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Les Leyne: NDP shifts from clumsy to condescending in handling of privacy law

“Not one of them could muster one word, not one syllable to justify the vote … and that is despicable,” said Liberal MLA Mike de Jong.
B.C. Premier John Horgan speaks in Vancouver on September 16, 2021. THE CANADIAN PRESS/Darryl Dyck

What the NDP government is doing to the information and privacy law is considered offensive in a number of quarters. How they are doing it is just as bad.

Citizens’ Services Minister Lisa Beare tried to defend the changes initially by reciting banal talking points. A few backbenchers offered some weak explanations of how great it was. Premier John Horgan pitched in last week and talked himself into a bizarre rant about all the annoying “fishing trips” the Opposition makes via the freedom-of-information program.

He waved his phone in front of cameras and invited B.C. Liberals to drop by and look at his computer anytime they want.

“Like, get real. Who cares what’s on my screen? Not many people.”

It was loopy comic relief, but not much of an explanation for imposing FOI application fees, or dropping data protection measures, or ignoring the required committee review.

This week, the tone changed. Insipid and clumsy didn’t seem to be working, so the NDP switched to supercilious and condescending. That attitude emerged when the Opposition moved to defer the bill for a while, a standard parliamentary move to stall a controversial bill. It usually forces several more hours of debate, as government and Opposition argue the merits of delaying passage.

This time, the NDP went mute. The entire government side opted out of debating the amendment. There was a Social Credit cabinet minister decades ago who registered his contempt for the Opposition by turning his chair and facing the wall when a critic asked him questions. Even by the standards of the old days, it was rude beyond belief.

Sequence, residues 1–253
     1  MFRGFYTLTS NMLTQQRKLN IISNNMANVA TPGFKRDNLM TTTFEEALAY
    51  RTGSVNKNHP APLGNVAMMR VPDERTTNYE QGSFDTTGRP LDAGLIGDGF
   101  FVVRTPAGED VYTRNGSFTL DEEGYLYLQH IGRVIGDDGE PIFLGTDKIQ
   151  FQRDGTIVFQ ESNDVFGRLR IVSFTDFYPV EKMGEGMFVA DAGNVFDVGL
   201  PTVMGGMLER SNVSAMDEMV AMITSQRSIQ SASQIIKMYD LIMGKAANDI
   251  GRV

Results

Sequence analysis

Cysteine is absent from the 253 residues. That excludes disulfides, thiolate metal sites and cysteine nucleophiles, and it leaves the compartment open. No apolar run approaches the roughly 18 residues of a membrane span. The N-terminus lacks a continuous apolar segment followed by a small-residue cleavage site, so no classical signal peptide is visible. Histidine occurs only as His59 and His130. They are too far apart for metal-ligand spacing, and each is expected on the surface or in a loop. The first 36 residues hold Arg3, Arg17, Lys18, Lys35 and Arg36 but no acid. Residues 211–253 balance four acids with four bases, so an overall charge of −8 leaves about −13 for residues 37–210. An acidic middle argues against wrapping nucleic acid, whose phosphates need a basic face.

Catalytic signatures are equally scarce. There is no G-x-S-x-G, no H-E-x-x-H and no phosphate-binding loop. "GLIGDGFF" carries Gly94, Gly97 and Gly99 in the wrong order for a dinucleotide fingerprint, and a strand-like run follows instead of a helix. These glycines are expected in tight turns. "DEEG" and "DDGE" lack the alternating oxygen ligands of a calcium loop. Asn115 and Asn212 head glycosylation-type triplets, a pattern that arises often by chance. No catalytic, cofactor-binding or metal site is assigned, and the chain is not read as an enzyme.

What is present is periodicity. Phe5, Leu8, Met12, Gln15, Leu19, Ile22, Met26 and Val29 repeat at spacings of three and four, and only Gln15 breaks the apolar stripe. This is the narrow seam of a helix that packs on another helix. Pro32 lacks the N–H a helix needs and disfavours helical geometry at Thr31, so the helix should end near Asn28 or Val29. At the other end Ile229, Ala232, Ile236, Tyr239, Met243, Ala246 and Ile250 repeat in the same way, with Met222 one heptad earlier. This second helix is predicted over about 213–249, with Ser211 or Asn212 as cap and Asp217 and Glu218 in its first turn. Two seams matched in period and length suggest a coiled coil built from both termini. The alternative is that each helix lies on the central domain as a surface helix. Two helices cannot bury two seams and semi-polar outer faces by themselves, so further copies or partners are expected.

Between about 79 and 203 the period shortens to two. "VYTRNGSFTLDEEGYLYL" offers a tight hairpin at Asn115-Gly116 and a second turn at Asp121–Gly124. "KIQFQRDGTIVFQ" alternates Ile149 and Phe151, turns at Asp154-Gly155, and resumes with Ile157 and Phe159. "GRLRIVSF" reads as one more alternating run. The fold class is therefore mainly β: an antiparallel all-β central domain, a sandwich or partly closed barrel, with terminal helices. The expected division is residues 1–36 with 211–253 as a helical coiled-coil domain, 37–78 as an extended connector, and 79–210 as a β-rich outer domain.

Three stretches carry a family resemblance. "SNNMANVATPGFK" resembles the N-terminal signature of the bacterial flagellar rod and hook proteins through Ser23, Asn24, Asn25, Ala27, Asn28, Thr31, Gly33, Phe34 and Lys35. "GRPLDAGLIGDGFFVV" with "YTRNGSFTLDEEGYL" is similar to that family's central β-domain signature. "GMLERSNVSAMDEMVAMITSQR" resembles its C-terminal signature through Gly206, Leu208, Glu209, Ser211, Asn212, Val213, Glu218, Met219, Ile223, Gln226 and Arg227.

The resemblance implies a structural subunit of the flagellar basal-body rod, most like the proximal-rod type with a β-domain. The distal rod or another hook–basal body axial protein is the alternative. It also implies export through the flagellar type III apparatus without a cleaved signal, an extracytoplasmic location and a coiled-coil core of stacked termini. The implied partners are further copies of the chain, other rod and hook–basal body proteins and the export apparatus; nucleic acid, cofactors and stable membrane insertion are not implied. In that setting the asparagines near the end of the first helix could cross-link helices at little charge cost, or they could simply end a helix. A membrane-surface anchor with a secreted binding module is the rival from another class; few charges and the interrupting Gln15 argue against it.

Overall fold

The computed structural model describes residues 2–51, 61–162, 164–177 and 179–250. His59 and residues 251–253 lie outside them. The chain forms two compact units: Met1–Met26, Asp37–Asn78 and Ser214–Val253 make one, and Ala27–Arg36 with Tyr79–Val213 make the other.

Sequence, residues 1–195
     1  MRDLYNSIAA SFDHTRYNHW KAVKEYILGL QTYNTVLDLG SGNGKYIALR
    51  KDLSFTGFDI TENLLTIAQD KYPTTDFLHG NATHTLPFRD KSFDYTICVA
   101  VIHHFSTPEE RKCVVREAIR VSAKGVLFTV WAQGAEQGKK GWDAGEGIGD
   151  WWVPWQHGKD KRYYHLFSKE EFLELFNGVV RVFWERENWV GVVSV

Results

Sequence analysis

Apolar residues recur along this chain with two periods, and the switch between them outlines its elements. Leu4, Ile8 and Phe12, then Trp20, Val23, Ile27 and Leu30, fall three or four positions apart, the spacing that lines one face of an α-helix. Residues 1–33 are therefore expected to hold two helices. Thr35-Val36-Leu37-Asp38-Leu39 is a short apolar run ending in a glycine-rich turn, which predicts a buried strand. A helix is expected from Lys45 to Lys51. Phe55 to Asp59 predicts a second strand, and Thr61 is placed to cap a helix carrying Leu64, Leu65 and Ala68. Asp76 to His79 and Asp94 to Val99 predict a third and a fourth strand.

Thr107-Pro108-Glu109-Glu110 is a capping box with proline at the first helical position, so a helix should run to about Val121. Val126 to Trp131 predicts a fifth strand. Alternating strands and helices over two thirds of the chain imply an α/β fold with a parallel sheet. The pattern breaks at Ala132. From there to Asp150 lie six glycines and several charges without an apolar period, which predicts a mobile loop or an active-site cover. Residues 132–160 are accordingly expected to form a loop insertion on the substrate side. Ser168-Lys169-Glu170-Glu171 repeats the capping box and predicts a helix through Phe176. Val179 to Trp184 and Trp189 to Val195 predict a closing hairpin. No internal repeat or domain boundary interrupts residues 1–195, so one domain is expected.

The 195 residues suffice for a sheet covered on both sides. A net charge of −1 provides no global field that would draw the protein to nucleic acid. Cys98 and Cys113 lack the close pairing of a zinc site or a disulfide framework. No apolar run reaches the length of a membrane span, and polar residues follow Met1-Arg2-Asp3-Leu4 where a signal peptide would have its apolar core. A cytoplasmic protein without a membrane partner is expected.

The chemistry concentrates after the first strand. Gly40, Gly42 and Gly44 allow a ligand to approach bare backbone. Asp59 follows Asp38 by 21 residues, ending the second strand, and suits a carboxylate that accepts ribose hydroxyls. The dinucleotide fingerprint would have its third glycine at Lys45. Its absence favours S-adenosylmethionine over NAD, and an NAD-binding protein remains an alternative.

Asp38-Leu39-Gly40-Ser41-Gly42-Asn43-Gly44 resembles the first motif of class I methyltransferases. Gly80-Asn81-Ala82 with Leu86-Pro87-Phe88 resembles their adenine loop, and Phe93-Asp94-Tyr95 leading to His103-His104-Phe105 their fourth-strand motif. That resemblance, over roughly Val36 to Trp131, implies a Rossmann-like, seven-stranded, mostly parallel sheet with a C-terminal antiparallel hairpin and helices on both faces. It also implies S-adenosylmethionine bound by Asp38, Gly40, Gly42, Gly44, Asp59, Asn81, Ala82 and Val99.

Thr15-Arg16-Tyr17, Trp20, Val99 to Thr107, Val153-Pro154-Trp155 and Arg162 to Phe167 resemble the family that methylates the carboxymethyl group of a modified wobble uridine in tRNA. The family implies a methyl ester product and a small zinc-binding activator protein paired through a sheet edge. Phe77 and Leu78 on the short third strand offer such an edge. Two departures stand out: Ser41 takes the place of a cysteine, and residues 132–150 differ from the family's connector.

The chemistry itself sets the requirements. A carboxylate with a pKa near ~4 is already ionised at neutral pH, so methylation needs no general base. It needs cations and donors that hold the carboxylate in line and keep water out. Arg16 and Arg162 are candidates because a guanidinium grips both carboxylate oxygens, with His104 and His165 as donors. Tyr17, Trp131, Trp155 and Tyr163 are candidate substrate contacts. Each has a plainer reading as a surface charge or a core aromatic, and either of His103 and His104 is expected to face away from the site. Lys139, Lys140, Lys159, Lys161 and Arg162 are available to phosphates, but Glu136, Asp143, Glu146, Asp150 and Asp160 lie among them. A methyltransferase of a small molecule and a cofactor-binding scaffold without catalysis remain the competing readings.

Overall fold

This week’s move was the equivalent of that. The precise motion was to refer the changes to a legislature committee. But that’s the same committee that the government pre-empted by introducing the bill in the first place. Obviously it would have been too much of a retreat to do so. But the NDP can’t even be bothered to explain that.

So they sat staring into their screens for two days as the Opposition talked, then voted down the motion on Tuesday, without a word of explanation.

“Not one of them could muster one word, not one syllable to justify the vote … and that is despicable,” said Liberal MLA Mike de Jong. He reached 30 years as an MLA last week and said he has never seen such a thing.

He summed up the NDP government 2.0 approach as: “We will do what we want, when we want, because we can.”

(Parliamentary geeks might appreciate one wrinkle. The NDP chair of the committee that is required by law to review the FOI law voted against doing exactly that. De Jong described that as: “Please don’t send us the work we’re statutorily obliged to do.”)

Beare had another opportunity to defend the bill Tuesday. Instead, she complained briefly about the Opposition creating misinformation to frighten people and moved it along to the next stage of debate.

Meanwhile, the B.C. Liberals opened a new front in what’s turning into a war over the bill. The new angle has a weird conspiracy theory feel to it. But it’s based simply on the bill as written.

A section on data-linking, the practice of merging or connecting different data banks together, allows the government, with some qualifications, to share data that was posted on social media by the individual the information is about.

Data-linking can be a benign way to analyze trends or profiles of public views. But the Opposition said the government giving itself the right to use people’s online posts is brand new.

“This has the potential of being a significant invasion of personal privacy,” B.C. Liberal MLA Todd Stone said.

Another B.C. Liberal MLA, Rene Merrifield, highlighted government officials building profiles of citizens using social media. She referred to the Cambridge Analytica scandal and said it “should send chills up your spine.”

Any further details on that move are to come in the form of regulations. The information and privacy commissioner has already noted the excessive reference to future regulations all the way through the bill.

Next up is line-by-line arguments over the bill. At least, that’s what’s scheduled. It depends on whether the NDP, now secure in its majority, feels the need to explain itself.